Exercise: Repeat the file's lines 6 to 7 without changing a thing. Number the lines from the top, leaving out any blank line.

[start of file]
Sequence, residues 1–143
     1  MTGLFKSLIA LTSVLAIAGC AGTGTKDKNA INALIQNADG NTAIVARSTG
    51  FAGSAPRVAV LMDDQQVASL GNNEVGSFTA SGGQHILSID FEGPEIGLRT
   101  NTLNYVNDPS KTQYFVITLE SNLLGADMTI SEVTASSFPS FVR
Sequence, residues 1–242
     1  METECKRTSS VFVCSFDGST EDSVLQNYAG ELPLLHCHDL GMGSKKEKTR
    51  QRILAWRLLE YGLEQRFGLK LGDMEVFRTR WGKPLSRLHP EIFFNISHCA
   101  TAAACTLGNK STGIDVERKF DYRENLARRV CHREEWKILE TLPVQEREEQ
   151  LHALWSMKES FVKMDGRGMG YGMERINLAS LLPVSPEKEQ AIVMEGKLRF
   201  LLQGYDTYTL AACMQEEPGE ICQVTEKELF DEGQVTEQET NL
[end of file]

     1  METECKRTSS VFVCSFDGST EDSVLQNYAG ELPLLHCHDL GMGSKKEKTR
    51  QRILAWRLLE YGLEQRFGLK LGDMEVFRTR WGKPLSRLHP EIFFNISHCA